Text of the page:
• DUoS – Distribution Use of System Capacity
  • DUoS – Distribution Use of System Excess Capacity
  • DUoS – Distribution Use of Systems Fixed
  • DUoS – Distribution Use of System Reactive Power
  • DUoS – Distribution Use of System Unit
  • FIT – Feed InTariff
  • Meter Rental
  • Metering & Meter Reading
  • RO – Renewables Obligation
  • TNUoS – Transmission Network Use of System

Flexible

Flexible contracts have become a more popular tool to manage risk in electricity purchasing.

Compared to a fixed contract which has the cost essentials locked in for the contract, including the commodity cost, a flexi contract doesn’t have the energy part included when the contract is signed.

Non-Commodity Costs can be Fixed or Pass-Through in a Flexible energy contract, but the energy pricing is done throughout the duration of the contract – you will always be supplied energy and you have the ability to set the price of your energy through trading. You can buy at times the market is looking favorable according to your knowledge/expertise.

This is typically for businesses on a very large scale who usually have a dedicated employee/department overlooking the whole operation.

There are many factors before agreeing on a flexi contract, the main ones you’ll need to decide are;

  • Duration
  • Portfolio management – you can add and remove meters.
  • Energy purchasing – Exactly how you are going to buy the energy
  • Non-energy costs – Fixed or Variable?
  • Billing

There are also deemed contracts/variable contracts or ultimately no contract in place at all which means typically you’ll be paying above market average prices for your energy and need to be looking to agree one of the above which will depend on your business type and energy purchasing strategy and adversity to risk.

Within each contract type, each supplier offers multiple variations and options, so it is important to have a strong knowledge of each suppliers’ products as you are unable to make an apple for apple decision without this.

Whatever the contract, our experts can help you – just call 0115 896 5460.

Brexit, what happens to the energy market?

Brexit, what happens to the energy market?

Every day we are now all too familiar with the words “deals” and “backstops” being mentioned with the Brexit media coverage regarding business preparation. As a business we are asking ourselves should we be doing something now?

Most of Great Britain’s energy market links with Europe are bundled up in the wholesale market. The Internal Energy Market which is Europe’s solution to harmonising the wholesale energy market was created during the last 5 years.

European Codes were introduced such as the Trans European Replacement Reserves Exchange (TERRE) and with it the Regulation on Wholesale Energy Market Integrity and Transparency (REMIT), which placed obligations on reporting changes in supply and demand patterns that may influence wholesale prices.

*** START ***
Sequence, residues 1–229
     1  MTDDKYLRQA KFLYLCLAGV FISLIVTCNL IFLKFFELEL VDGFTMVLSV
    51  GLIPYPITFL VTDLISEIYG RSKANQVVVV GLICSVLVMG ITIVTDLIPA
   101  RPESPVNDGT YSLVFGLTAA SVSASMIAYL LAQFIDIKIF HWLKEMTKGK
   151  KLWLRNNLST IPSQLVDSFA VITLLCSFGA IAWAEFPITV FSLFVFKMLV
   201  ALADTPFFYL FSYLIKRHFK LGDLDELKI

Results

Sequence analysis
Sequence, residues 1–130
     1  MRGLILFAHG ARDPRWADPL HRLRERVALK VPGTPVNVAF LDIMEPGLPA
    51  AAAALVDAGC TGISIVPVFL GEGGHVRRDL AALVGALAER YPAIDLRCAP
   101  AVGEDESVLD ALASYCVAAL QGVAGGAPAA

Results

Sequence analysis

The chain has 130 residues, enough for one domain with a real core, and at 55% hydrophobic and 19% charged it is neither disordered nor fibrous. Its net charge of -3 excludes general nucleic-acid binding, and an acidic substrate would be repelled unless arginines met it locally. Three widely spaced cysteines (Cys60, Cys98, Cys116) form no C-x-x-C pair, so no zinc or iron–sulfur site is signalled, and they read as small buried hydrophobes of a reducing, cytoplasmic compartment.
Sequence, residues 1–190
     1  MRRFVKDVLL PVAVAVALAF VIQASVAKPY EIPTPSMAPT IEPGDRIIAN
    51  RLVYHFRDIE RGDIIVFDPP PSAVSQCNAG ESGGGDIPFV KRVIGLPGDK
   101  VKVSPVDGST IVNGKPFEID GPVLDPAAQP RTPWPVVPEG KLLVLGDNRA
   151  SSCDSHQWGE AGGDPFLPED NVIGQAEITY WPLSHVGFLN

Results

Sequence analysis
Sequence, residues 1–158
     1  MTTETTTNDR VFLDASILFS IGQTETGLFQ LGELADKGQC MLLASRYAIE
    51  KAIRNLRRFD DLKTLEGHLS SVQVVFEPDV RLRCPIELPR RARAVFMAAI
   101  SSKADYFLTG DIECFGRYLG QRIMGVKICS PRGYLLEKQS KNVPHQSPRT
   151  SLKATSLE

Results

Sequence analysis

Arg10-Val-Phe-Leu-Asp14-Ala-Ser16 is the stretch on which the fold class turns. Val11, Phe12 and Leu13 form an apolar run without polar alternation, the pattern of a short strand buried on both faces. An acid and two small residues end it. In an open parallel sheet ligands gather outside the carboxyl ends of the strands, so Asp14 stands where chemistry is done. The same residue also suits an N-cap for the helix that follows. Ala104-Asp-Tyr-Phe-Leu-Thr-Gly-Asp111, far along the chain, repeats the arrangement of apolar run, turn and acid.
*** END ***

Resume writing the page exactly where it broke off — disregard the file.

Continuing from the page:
In these very uncertain times most of the communication from Ofgem has related to REMIT contingency arrangements in the event of a no-deal withdrawal.

In December 2018 Ofgem published a letter informing parties that it will continue to monitor and enforce the integrity and transparency of the wholesale market. Within 4 weeks of exit, all participants entering transacting trade orders will be required to register with Ofgem.

In addition, the Regulator has consulted with the industry throughout 2018, leading to its recent January consultation.   This examined the consequential license modifications in the event that the UK leaves the EU without a deal. It is still the plan that the Withdrawal Agreement will be implemented (allowing for an orderly transition), and that the proposed changes will only be enacted in the event of a no deal.

It is highly likely that energy markets will experience anxiety and uncertainty and therefore volatility during this time of unchartered territory and usual market Trends would be likely to be eradicated by the uncertainty with increased costs incurred when signing a new contract.

Whilst the market is still stabilised pre Brexit we would strongly recommend having a review of your current contract to give you the ability to forward signing a new contract ahead of the predicted volatility forecast.

Whether your current contract is due in the next month or next year we can still forward purchase now on fixed contracted rates to start at that time, giving you the peace of mind in these uncertain times.  Please contact one of our energy experts on 0115 8965460 who will be happy to help and guide you.

 

Image credits

Creator:ANDY RAIN

Credit:EPA-EFE

Choosing the right Energy Supplier

How do I choose a good Energy Supplier and find the right contract?

It can be a minefield when it comes to choosing a good energy supplier for your business, with more energy suppliers to choose from how do you make the right decision? Here are a few simple ways to make the process simpler and easier.

Top criteria for your selection process

  • Which supplier is offering the best rate?

In your selection process in choosing an energy supplier, you should look at which supplier has the lowest rate. Having a recent energy bill to compare what you are currently paying for gas or electricity against what the supplier is offering is a great start in your selection process.

  • What contract length works best for your business?

Energy suppliers offer a full range of contract lengths. These contracts range usually from 6 months to 60 months as a standard, don’t forget that bespoke end dates can be arranged if you want to look at aligning your contracts.  Dependant on the wholesale market sometimes longer term contracts can be more cost effective than shorter alternatives, due to many factors (I will be writing a blog specifically on this subject soon), but don’t forget to factor in your time!

  • What contract type works for your business?

There are different contract types varying from fully fixed contracts to partial or fully pass through contracts.  Each supplier has slightly different names for each contract so it can be confusing, but the underlying factor is establishing whether your costs are fixed for the contract period or not! Its not to say that either are cheaper parse, you must factor in your consumption when looking at standing charges, those with very low consumption can often be better off with a higher unit rate.

  • What terms and conditions are the best?

It might be fine selecting a supplier that offers good rates and the contract length you want, but what happens when it comes to the terms and conditions?